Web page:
GENERAL: It is my painful duty to report to you that a serious accident occurred to-day in crossing the Shenandoah. Three regiments of my brigade had crossed in safety with their ambulances and staff horses on the floats we had improvised with our limited means, and one company of the Fortieth Regiment (Seventy-fifth Pennsylvania Volunteers) had already passed the water in perfect safety on the old ferry-boat, which we had discovered 2½ miles below here, and which we repaired this morning, when the second company of about 60 men and officers, on reaching the strongest part of the current, by pressing too much forward, caused the water to run into the boat, and commenced hauling on the ropes, running the boat against the current and increasing the pressure forward, There was no danger whatever of the boat sinking, but a panic struck the men and :they rushed to the starboard side, causing it to keel over, precipitating its entire contents into the river. Only two small skiffs were at hand to save the drowning men, who were rapidly carried down the stream.
        As far as can be ascertained 40 lives have been lost, amongst which Captain Wilson, brigade commissary; Capt. Christian Wyck, Seventy-fifth Pennsylvania Volunteers, and Lieutenant Winter, Seventy-fifth Pennsylvania Volunteers.
        A list of the non-commissioned officers and privates will be furnished as soon as a correct one can be made out.
        No blame can be attached to any one. The accident was caused by a sudden panic.


                                                            H. BOHLEN,
                                                                    Colonel, Commanding Third Brigade.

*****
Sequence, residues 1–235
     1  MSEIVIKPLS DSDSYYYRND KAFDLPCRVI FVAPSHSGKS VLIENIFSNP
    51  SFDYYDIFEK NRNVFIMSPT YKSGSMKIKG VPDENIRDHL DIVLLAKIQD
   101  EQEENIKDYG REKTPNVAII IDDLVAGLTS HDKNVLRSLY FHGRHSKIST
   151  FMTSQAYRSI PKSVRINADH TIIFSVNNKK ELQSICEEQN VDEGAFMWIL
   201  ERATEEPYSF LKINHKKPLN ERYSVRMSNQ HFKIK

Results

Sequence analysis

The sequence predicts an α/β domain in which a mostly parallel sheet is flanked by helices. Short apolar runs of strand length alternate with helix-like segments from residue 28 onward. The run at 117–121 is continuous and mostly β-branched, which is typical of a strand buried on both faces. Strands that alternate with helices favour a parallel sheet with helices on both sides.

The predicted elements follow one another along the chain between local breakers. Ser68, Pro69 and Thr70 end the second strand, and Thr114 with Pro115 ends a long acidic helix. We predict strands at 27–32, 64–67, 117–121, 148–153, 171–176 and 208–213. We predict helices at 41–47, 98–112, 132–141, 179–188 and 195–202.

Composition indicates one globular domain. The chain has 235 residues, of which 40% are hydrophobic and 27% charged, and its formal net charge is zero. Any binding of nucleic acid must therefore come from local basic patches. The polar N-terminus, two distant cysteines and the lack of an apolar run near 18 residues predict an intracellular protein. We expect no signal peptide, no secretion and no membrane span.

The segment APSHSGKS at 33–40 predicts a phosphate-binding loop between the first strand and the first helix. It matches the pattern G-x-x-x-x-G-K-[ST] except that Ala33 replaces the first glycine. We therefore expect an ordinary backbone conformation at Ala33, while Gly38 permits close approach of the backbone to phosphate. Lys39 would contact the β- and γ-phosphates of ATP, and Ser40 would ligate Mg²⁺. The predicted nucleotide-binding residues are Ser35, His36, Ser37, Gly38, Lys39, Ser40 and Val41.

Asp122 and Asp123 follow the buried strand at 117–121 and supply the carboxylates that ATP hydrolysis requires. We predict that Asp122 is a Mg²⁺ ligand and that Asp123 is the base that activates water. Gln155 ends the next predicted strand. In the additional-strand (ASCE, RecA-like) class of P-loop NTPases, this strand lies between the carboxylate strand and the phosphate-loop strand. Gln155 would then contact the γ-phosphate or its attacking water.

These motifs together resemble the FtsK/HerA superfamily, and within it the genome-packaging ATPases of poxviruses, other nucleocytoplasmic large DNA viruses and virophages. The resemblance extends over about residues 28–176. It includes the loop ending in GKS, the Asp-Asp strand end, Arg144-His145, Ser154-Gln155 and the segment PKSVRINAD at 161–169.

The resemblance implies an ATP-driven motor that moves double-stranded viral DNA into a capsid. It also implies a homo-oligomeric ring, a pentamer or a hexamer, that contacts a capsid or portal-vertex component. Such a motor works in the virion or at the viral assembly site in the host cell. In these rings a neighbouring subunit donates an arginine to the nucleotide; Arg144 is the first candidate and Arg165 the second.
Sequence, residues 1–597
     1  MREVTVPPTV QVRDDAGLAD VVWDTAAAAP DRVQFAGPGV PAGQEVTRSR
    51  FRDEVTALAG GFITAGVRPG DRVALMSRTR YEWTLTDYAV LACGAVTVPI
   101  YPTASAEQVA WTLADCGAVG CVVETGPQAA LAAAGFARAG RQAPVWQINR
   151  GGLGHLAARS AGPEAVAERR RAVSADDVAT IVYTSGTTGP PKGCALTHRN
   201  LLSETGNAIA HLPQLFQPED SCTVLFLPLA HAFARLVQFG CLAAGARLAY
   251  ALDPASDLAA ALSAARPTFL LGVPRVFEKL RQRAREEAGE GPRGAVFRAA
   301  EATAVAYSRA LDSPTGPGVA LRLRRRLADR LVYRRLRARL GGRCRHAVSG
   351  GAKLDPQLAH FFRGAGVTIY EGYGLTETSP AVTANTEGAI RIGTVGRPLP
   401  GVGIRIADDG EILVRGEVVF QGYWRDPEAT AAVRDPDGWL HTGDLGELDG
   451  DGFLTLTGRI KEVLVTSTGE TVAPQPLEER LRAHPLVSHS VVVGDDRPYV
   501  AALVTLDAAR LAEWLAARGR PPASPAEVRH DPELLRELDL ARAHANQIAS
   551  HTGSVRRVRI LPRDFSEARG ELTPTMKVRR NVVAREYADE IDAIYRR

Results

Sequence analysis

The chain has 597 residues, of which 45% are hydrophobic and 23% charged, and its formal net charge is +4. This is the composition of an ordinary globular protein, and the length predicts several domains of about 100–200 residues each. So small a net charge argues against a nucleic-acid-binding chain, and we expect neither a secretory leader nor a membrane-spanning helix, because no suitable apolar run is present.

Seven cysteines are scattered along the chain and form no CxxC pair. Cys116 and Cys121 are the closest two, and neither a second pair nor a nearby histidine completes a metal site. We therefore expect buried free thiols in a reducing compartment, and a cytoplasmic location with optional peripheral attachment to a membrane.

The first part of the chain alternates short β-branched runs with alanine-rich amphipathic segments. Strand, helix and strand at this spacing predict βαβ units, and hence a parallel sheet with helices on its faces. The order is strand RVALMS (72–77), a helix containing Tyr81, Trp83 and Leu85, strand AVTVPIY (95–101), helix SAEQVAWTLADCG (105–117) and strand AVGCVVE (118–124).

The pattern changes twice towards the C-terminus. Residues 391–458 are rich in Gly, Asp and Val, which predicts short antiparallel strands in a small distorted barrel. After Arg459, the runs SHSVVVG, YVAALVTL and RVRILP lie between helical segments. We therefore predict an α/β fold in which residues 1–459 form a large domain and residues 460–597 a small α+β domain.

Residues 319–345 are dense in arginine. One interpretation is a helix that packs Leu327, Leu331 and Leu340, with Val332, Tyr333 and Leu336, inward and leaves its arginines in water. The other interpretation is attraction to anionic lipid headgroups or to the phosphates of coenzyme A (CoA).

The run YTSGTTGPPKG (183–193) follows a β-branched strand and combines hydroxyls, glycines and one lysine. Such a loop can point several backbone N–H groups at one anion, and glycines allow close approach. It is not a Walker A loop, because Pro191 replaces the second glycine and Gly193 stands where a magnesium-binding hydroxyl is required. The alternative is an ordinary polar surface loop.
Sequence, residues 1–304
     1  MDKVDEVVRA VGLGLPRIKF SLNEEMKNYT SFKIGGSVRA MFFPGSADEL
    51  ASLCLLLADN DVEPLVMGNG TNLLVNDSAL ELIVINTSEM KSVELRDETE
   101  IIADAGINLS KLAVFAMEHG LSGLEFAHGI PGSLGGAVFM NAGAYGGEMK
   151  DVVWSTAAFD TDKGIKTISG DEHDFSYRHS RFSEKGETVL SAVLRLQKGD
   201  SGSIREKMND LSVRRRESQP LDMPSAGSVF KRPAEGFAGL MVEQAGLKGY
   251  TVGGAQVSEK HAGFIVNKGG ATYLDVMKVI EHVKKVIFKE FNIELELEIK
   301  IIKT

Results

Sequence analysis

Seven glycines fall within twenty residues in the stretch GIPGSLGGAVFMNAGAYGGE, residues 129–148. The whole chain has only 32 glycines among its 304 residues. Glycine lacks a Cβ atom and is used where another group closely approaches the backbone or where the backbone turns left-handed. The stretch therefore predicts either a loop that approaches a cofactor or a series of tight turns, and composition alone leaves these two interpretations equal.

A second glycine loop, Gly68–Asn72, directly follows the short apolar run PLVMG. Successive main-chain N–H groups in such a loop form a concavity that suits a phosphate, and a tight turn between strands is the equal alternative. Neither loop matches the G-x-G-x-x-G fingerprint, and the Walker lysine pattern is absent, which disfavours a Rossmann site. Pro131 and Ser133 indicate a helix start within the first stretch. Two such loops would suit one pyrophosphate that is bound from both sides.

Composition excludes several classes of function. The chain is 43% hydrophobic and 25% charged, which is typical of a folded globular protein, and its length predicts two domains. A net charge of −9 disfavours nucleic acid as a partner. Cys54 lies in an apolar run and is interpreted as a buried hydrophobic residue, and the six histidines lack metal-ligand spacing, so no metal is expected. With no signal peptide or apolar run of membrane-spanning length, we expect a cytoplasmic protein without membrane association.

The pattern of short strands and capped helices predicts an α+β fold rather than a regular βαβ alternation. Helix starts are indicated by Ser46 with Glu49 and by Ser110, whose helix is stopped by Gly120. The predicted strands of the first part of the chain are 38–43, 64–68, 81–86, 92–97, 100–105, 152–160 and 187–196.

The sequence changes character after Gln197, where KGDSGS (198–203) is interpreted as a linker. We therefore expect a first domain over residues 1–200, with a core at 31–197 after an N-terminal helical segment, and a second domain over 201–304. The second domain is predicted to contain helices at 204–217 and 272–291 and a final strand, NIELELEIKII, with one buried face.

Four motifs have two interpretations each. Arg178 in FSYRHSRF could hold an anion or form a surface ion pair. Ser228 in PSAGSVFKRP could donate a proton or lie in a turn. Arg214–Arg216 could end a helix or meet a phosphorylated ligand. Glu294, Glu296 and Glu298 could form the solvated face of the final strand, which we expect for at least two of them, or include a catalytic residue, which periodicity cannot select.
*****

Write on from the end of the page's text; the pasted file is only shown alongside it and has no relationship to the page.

APRIL 27-MAY 6, 1863.--The Chancellorsville Campaign.
No. 256.--Report of Col. Wladimir Krzyzanowski, Fifty-eighth New York Infantry, commanding Second Brigade.
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                                                            NEAR BROOKE'S STATION, VA.,
                                                            May 15, 1863.

SIR: I have the honor to submit to you the following report about the engagement of May 2, near Wilderness Run, Va.:
        About 11 a.m., May 2, I received your orders to withdraw two regiments from the position my brigade had occupied since the previous day, they being at that time placed in reserve fronting to the south. The position which was assigned to the two regiments was a reserve for the First Division, and, fronting to the west, partly formed the extreme right wing of the whole army. The Twenty-sixth Wisconsin and the Seventy-fifth Pennsylvania Volunteers were ordered to take this position.
        About 11 p.m. I received orders to detail one regiment of my brigade for picket duty, to relieve the Eighty-second Illinois Volunteers, for which duty I ordered the Seventy-fifth Pennsylvania Volunteers, with the exception of about 60 men, which were in excess of the number required for picket duty. Of these, 45 men were detailed to form part of the skirmishing line. To replace the regiment thus detailed, I ordered the Fifty-eighth New York Volunteers, which still occupied the place assigned to it the day before. The disposition of my troops before the engagement was, consequently, as follows (see annexed sketch):(*) The Seventy-fifth Pennsylvania Volunteers on picket, except 60 men; One hundred and nineteenth New York Volunteers on the left wing of the First Brigade, Third Division, deployed in line along the Orange Court-House Plank road, fronting south, and the Twenty-sixth Wisconsin and Fifty-eighth New York Volunteers in the position above indicated, fronting west. I remained with my staff with the two last-named regiments. About 400 paces in front of the latter two regiments, the skirmish line of 80 men of the Twenty- sixth Wisconsin Volunteers and 45 men from the Seventy-fifth Pennsylvania Volunteers; the Twenty-sixth regiment Wisconsin Volunteers in close column to the center on the extreme right, and the Fifty-eighth New York Volunteers on the left, with deploying distance between them.